Who am I?
I am dust.
Today is Ash Wednesday. A day to remember that we are walking, talking hunks of ash that frequently hurt ourselves, one another, and fall short of God’s desires for us. Ash Wednesday kicks off the season we call Lent, traditionally a time to prepare ourselves for Jesus’ sacrifice and The Resurrection. Lots of people attend a contemplative worship service and receive the mark of the cross on their foreheads. It’s a great time to pause, to remember the length the LORD goes to redeem us—while still calling on us to do our part, too.
The United Methodist’s Rethink Church movement is doing a Lenten challenge where you take a photo a day to reflect on that day’s theme. Then you tag your picture on Instagram with #rethinkchurch and #40days as hashtag markers to join the photo conversation. It’s a pretty cool project, one that I’m hoping will help me focus on the LORD during these 40 days.
Here’s my picture from today.
The theme for today is supposed to be “Who am I?” Several other sources use “dust” as the theme for the first day of Lent. I decided that I wanted to tie them together for some things I’ve been thinking about lately.
[SPOILER ALERT: I’m about to share something that I typically wouldn’t. I’m not sharing for a pity party. In fact, I don’t like talking about it, but it’s something I think I need to do.]
My dog died on Super Bowl Sunday.
Not so super of a Sunday.
It was unexpected, quick, and shocking.
And weird to take her to an emergency vet then go to a Super Bowl party two hours later.
She was just here, a little over a week ago. I’m still not used to her absence. I go to call out for her when I walk through the door. Every piece of food I drop on the floor, I look for Maddie to lick up, because I forget she isn’t around anymore.
She was a great dog. She was a good guard dog, but barked incessantly at anything that moved outside, like leaves. She would beg, like food had just been invented and was doing pretty well in most age demographics. She annoyed us when we’d want to wind down after a long day. She played with Livvy and chomped at bubbles and gave great high fives and was a pretty good running partner.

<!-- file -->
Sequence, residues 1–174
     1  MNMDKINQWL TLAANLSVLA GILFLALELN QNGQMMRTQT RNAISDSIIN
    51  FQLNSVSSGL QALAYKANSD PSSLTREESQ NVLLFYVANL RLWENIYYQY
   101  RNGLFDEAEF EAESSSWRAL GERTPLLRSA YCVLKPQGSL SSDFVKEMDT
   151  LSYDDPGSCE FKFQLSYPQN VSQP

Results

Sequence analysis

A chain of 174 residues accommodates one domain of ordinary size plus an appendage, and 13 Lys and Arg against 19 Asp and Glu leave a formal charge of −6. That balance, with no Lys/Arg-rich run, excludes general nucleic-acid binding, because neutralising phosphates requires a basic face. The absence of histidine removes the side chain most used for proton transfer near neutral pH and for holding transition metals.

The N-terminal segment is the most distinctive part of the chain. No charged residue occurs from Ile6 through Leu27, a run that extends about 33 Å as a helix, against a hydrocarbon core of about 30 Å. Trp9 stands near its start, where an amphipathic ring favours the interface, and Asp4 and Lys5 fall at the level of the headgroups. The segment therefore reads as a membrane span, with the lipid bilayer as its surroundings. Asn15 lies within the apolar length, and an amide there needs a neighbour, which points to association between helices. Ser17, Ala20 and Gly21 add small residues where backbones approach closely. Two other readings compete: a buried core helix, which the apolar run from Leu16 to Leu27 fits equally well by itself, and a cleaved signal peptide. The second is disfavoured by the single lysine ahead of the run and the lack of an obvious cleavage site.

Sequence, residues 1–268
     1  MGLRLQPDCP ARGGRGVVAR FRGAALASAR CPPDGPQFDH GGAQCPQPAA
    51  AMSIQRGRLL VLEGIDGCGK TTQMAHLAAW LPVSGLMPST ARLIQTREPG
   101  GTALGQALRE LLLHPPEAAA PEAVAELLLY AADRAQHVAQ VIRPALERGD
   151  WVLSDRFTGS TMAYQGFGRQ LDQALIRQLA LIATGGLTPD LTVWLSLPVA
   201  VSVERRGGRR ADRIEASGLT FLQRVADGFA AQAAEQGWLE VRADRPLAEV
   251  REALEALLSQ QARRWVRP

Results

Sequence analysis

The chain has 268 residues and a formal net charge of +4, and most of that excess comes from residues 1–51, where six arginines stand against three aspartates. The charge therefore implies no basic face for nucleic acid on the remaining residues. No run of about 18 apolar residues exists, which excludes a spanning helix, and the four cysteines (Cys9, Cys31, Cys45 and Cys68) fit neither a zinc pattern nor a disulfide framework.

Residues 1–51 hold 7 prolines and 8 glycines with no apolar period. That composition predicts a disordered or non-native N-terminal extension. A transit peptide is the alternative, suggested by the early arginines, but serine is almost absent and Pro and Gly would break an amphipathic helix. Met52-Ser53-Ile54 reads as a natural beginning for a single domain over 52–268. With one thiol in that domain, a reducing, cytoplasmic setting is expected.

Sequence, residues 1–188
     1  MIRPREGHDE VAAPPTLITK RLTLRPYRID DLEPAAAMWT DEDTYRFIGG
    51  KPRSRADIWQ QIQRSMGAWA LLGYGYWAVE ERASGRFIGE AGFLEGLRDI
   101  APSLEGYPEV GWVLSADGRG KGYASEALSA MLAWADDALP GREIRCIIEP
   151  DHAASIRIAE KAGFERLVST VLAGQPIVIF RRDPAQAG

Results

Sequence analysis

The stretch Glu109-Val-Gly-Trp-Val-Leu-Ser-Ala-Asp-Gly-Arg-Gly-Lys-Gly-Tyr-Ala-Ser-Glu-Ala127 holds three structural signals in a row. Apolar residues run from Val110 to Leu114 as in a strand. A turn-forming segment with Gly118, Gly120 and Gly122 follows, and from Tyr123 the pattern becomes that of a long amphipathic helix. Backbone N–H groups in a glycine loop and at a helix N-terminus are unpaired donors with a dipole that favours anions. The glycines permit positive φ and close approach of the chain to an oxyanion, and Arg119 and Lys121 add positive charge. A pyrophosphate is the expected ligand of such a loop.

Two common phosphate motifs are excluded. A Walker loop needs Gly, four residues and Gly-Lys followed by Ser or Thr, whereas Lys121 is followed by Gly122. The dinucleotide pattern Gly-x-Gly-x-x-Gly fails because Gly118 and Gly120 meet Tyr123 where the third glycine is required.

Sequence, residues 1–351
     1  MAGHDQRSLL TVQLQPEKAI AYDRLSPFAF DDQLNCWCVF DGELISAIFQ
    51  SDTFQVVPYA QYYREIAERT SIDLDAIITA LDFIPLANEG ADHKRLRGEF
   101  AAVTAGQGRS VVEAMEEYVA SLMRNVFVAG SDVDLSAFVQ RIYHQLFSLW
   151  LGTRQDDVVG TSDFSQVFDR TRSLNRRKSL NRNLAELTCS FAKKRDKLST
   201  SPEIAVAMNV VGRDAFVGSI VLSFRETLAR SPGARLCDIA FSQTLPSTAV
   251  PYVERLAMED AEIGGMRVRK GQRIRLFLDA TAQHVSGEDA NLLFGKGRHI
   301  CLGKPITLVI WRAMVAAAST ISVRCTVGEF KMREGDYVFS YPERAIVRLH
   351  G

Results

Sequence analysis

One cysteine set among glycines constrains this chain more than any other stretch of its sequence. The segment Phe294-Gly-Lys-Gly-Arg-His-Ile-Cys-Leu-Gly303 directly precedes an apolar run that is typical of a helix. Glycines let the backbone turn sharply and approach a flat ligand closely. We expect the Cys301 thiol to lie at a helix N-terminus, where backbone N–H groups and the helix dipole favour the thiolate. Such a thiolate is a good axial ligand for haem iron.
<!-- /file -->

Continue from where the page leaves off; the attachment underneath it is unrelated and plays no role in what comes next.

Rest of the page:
Here’s a picture of the dog that was a pain in my butt. (She was MY pain in the butt, though.) I loved her.
The reason I tied these two pictures is because, as I remember that I am dust, my thoughts travel to the dog I just lost and my dad who passed away eight years ago. Life is so fragile. We are a vanishing mist, as James 4 says. Ash Wednesday is a valuable reminder of this.
I’m grateful for what Maddie meant to us because Rachael and I got her a few weeks after my dad passed away unexpectedly. Maddie helped cheer me up during one of the hardest times of my life. My dad died at a moment’s notice, too. I still struggle with not being able to say goodbye or “I love you” one last time. I’d give anything for a hug from him or to hear another Gordie joke.
The glasses in the photo were my dad’s. We made fun of him so much for wearing them and now they’re pseudo-cool again. Ha! He would get a huge kick out of that.
Psalm 103 says that “the life of mortals is like grass, they flourish like a flower of the field. The wind blows over it and it is gone and its place remembers it no more. But from everlasting to everlasting, the LORD’s love is with those who fear him, and his righteousness with the children’s children.”
Take some time to remember that you are only dust. We are only here for a short amount of time. Use this thought to rejoice in the God who brings us life and promises to reunite us with loved ones who have already entered into The Presence. Kiss and hug the ones you have around you. We are nothing more than walking carbon, blessed with God’s breath and opportunities to experience joy with others.
I am dust.